Ex. 5 explores the style of Death—a band that has not only pioneered the genre as a whole, but also lead the way for more progressive styles before mastermind Chuck Schuldiner sadly lost his battle with cancer in 2001. The riff is a slower and based on a triplet rhythm that sounds like the chorus to one of Death’s earlier songs. The riff is loosely in E minor, but the chromatic ideas make it a bit ambiguous. The alternation between rhythmic accents, held quarter-note power chords, and tremolo picking is also common on early Death albums.
In Ex. 6, we have a faster Death-style riff. A typical harmonic move that Schuldiner used in his early recordings is playing two major thirds a half-step apart. Here, they occur as descending melodic major thirds (based on A–C# and G#–B# intervals—the latter written enharmonically as G#–C) that are split apart by a short 16th-note burst on the 6th string. Using F#5 as a theoretical target, the figure starts the major third movement on the 5 of the power chord and then moves down a half-step while being played against the insistent, recurring F#. This is quite typical of Chuck Schuldiner’s riffs from that era.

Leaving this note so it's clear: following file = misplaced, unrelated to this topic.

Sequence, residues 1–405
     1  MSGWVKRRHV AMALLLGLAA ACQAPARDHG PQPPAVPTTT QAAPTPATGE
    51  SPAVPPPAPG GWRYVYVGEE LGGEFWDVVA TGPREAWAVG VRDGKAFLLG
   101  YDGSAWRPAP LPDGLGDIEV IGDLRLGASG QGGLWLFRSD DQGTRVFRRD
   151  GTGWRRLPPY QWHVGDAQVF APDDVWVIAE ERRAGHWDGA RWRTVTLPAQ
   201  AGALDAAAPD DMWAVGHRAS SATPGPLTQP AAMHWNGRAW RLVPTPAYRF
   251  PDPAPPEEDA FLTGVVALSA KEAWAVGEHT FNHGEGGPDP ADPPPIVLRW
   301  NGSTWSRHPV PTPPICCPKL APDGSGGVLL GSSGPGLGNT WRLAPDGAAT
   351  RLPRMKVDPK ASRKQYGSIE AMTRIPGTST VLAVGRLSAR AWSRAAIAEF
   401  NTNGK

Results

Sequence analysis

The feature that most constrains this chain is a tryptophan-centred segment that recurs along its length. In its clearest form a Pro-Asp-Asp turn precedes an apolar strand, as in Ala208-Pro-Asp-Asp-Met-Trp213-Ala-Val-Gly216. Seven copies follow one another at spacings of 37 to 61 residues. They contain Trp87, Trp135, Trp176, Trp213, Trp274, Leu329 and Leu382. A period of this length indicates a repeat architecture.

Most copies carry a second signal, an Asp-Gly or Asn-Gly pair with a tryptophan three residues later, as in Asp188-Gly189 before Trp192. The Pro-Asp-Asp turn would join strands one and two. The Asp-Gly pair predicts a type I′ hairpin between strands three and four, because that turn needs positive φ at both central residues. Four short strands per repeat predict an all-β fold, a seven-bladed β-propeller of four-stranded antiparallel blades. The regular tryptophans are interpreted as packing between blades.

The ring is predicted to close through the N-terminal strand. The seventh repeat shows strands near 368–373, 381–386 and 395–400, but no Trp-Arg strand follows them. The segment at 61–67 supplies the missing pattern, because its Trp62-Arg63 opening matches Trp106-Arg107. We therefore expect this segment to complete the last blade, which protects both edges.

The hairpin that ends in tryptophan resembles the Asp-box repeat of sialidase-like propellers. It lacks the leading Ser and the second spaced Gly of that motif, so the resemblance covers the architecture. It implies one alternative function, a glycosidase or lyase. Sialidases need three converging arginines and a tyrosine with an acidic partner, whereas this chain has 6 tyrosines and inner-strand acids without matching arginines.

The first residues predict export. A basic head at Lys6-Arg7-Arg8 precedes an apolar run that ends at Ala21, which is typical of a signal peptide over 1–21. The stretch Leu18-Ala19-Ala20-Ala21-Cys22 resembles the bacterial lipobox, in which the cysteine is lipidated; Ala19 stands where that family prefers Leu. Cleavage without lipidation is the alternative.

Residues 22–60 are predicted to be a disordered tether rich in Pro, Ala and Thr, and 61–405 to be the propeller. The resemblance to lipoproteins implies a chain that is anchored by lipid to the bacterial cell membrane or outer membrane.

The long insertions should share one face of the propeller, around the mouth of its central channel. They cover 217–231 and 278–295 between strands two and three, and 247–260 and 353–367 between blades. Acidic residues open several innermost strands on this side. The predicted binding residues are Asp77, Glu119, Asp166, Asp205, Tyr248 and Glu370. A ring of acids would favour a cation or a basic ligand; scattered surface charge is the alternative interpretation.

The second part consists of a tremolo pattern with rhythmic eighth-note accents on the 5 of the power chord of the moment (F# accenting B5, A accenting D5, G# accenting C#5, and E#—enharmonically written as F—accenting A#5). This figure is a signature pattern that can be found in many Deathsongs.
The last band we’ll look at in this lesson is Deicide. Ex. 7 is a triplet-groove riff inspired by the band’s early work. Even though it’s rather chromatic, we’re using E as the tonal center. Pay particular attention to the sound of the figure on the first two beats of each measure. You’ll find it in many Deicide songs in different rhythmic variations, but it’s always a descending minor second followed by a descending major third. You can move this figure around chromatically and even shift it to different sets of strings.
Ex. 8 shows a fast tremolo picking riff using the chromatic scale. Deicide’sguitar duo of that time, Eric and Brian Hoffman, liked to move chromatic patterns to different sets of strings using the same frets. Here, the chromatic movement going from B to Bb at the end of measure two is moved to the 6 string (Gb to F) at the end of measure four.
In this example, I combined this idea with the Hoffmans’ fondness of rhythmic displacement—especially in tremolo picking riffs. While the riff is in 4/4, it features groupings of two and three notes with accents occurring in the form of larger interval jumps or changes from ascending to descending groupings.